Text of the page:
To the path that leads to the mossy stone
Hush hush part of the harbour…

Scene 3

Interior connecting room
Of father’s third floor office. Night.
Police shouting, indistinguishable, muffled.
Rapid gun fire and sinlge return
Fire of father’s silver pistol.
The girl falls to the floor
And unintentionally tosses
The egg hatched from the Giant Dragon
Of Common Sense out the agape
Third story window.
It makes a wide arch out
Into the moonlight.
Effect―freeze frame.
(The dragon’s egg hangs mid-air
Outside the office building
Seemingly floating beside the full moon.
The girl is frozen in an expression
Of bewilderment and terror.
Her hands grip her moon caught yellow hair.)
‘I’ll have to go through
An awful invisible fight before
I enter the garden.
Below my balcony a nightingale
And frog raise up a sleepy cross of sound.’
…Throwing water bombs
Made from condoms tied with teeth
In late adolescence at trick-or-treating
Children with my brother
Liam on Halloween.
Avoiding the really young ones
And girls except those that we know.
Aware of the emptiness
Surrounding the world…

Scene 4

Exterior University of Wollongong gardens
On the moon. Night.
Continuous chirping of cicadas.
Intermittent croaking of frogs.
The earth is visible
As a pale disc in the sky.
A nightingale flits past
The camera. The boy is dressed
Mostly in green, the girl
Mostly in black. Frog. Nightingale.
The boy sits under a lamp on the edge
Of the abandoned garden lawn
Reading Federico Garcia Lorca’s
‘In the Garden of the Lunar Grapefruits.’
He looks up occasionally
From the Penguin translated verse
At the pale earth in bewilderment.
In the centre of the lawn
Unseen by the boy
But in clear view is a silver mirror
Laid face up upon which sits
A satchel full of mysterious clothing.
The boy reads until he notices
Its unearthly shimmer.
He approaches tremulously
Over the freshly electric
Mowed grass and opens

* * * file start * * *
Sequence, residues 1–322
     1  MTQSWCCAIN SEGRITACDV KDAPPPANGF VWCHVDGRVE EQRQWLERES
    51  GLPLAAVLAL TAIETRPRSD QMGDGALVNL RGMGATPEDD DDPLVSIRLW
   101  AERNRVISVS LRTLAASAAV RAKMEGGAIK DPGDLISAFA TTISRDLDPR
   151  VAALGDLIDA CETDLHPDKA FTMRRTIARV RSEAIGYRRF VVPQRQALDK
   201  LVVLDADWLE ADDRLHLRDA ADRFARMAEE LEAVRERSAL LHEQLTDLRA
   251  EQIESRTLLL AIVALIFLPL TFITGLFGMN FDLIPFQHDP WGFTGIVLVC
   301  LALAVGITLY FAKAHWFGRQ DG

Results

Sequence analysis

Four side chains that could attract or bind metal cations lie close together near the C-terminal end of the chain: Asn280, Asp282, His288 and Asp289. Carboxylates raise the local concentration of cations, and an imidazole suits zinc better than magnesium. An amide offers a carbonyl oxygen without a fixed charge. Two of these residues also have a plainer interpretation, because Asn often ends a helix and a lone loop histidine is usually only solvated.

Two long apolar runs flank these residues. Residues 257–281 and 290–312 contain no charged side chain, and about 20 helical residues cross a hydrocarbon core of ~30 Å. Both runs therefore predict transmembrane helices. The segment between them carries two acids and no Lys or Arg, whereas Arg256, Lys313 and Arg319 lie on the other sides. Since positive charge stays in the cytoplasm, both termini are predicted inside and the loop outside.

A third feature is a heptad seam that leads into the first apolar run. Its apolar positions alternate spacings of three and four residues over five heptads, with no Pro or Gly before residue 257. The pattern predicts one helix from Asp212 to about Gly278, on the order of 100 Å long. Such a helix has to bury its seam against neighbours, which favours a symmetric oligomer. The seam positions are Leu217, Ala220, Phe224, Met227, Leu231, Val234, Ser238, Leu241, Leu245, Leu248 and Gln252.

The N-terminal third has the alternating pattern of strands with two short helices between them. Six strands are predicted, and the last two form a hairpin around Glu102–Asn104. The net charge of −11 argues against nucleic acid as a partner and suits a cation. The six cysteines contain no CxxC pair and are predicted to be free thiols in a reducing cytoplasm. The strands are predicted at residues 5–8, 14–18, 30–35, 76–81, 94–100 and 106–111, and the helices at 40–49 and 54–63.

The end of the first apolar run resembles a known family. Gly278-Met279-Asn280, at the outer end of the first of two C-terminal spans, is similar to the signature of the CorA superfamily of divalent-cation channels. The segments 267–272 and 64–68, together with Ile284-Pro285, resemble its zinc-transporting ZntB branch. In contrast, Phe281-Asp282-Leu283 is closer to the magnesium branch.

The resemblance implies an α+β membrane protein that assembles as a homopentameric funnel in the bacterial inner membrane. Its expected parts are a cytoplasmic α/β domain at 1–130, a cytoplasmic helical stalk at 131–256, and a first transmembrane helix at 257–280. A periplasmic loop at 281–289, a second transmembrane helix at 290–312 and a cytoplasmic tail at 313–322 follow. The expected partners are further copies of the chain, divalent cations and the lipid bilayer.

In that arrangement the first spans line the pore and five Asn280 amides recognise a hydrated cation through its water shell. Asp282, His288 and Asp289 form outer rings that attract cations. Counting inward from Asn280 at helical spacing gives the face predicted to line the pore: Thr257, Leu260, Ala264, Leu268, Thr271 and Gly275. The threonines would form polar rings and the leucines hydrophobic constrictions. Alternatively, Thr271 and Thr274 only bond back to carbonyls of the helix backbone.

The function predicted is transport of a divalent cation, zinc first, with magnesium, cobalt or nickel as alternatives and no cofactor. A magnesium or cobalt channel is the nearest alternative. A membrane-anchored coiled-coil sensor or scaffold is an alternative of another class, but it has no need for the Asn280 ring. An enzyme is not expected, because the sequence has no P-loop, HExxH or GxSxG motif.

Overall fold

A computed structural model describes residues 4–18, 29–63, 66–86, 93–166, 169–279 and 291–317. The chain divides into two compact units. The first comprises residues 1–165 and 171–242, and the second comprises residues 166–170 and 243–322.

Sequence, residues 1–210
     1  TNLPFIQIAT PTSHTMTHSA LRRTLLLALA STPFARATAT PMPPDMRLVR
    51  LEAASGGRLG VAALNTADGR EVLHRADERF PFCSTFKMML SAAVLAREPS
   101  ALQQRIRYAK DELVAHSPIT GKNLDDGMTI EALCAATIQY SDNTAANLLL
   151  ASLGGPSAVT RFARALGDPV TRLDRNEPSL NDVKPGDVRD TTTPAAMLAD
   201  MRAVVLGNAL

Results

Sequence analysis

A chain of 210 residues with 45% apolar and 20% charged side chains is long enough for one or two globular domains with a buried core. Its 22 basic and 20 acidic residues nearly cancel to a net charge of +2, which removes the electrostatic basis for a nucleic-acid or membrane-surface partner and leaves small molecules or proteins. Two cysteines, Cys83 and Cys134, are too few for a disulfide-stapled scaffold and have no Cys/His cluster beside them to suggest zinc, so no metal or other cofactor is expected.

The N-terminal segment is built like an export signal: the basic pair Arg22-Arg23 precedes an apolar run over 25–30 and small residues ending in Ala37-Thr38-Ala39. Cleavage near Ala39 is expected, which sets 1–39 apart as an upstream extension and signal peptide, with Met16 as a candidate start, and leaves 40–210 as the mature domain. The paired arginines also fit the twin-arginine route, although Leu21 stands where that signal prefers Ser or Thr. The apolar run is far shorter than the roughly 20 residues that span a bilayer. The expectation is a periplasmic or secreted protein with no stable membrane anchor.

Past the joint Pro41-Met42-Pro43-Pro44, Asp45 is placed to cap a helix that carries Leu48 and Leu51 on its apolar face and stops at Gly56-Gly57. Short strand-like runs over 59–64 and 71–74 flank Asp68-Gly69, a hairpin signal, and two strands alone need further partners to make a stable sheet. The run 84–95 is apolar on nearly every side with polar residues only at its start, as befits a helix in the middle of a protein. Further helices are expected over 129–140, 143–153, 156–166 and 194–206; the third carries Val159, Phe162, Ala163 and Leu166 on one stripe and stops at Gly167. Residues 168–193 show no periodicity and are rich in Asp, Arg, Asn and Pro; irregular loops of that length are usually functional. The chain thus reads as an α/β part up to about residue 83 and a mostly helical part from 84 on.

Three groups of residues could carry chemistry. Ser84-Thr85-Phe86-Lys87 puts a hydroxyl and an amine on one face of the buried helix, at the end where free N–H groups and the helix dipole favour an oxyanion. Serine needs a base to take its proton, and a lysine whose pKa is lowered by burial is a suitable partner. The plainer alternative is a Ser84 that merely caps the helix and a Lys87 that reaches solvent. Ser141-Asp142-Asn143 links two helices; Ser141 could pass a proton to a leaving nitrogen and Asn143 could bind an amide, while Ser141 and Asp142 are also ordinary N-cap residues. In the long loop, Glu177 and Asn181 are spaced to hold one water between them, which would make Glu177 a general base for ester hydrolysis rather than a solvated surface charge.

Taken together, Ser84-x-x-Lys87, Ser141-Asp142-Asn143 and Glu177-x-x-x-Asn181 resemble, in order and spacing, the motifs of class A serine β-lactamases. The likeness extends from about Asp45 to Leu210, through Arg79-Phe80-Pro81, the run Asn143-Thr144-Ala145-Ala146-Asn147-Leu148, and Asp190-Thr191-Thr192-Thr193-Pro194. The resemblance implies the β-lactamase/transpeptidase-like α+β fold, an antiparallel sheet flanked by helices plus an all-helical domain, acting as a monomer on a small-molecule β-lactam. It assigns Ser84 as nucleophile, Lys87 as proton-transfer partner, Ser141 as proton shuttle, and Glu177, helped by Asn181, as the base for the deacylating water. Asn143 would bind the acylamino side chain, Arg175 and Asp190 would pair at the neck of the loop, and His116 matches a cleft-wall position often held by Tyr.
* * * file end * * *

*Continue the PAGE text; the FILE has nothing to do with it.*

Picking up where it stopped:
The satchel to find a suit with
A large pale rose pinned
To its left shoulder.
‘On a silver mirror I find,
Long before dawn, the satchel
With the clothing I’ll need
For the exotic country
To which I’m heading.’
…Daniel de Filippo eating
Frozen Aeroplane jelly
From a Chinese takeaway container
While sitting on the lawn
By the pebbly miniature stream
Adjacent to where scene four
Will be filmed. He paints
Watercolour earths and moons
Testing colours to eventually Photoshop
Into the finished film.
Inside his left inner coat pocket
Is a charcoal sketch of a man
Collapsed into a bird bath
And a polished shoe horn…
The boy strips down
And puts on the mysterious suit
Complete with a set of shimmering underwear
While still suspiciously eyeing
The earth in the sky. He returns
To the lamp and resumes reading
Federico Garcia Lorca
When a golf ball collides
With the rose pinned to his chest
And he looks up startled.
…Nick Chlopicki lying naked
In his Castle Inn Dover bed
Like a lily on the clean sheet freshness
After sharing the past night
In a forest with blood hungry
Winged creatures. A lily floating
On the shadows of eternity
Smoking a cigarette bummed
From a frustrated woman who
Was leaning against a Coke-a-cola
Vending machine in the banana-skin
Smelling Castle Inn lobby…
BOY: ‘Who hit that!? [Pause] Hello!?’
GIRL: ‘Sorry. I’m sorry!’
The girl comes running across
The lawn with her father’s pack
Of golf clubs slung around her shoulder.
Her face is grimy and she is
Wearing the same black summer dress
She wore in earlier scenes
Though it is now slightly torn,
Mud-caked and ragged.
GIRL: ‘Are you hurt?’
BOY: ‘Um no I’m fine.’
She touches him where the ball hit
And curiously touches the rose on his lapel.
GIRL: ‘You’re sure?’
…Imagine the boy as a young
Clean-shaven athletic Prospero and
The girl as Hemmingway’s baby-blue-eyed
Granddaughter as she appeared
In Woody Allen’s ‘Manhattan’ but here
In high definition colour,
Woody Allen excuse me…
GRANDDAUGHTER: ‘This is my father’s
Acre you know.’
BOY: ‘It is? I mean what?
I usually come here to read at night.
I mean the university.
It’s strange when no one’s here,
Like everything’s underwater.
Tonight I was just thinking what
It would be like if there was
A university on the moon when
[Points to the earth shimmering in the sky]
Apparently it was
Moved there. It feels like I should be
Dreaming but strangely enough
I know that I’m not. Even stranger
Than that somehow I don’t
Feel overly surprised about it.’
GIRL: ‘It’s all my fault [Pause] come on.’
The girl throws the golf clubs
Aside on the university lawn
And takes the dazed boy’s hand.
She pulls him across
The lawn and out of frame.
…Wander into a shopping mall
Hair salon seven years after the film is shot.
The actress who played the girl
Sits with her head under one of those
Helmets that looks like it’s sucking
Your brain up like a wind turbine
Into a hidden hair salon computer.
The actress has transformed into
A woman-sized nightingale
And has sleeked back all her feathers.
She reads Cosmopolitan with a
Glazed expression while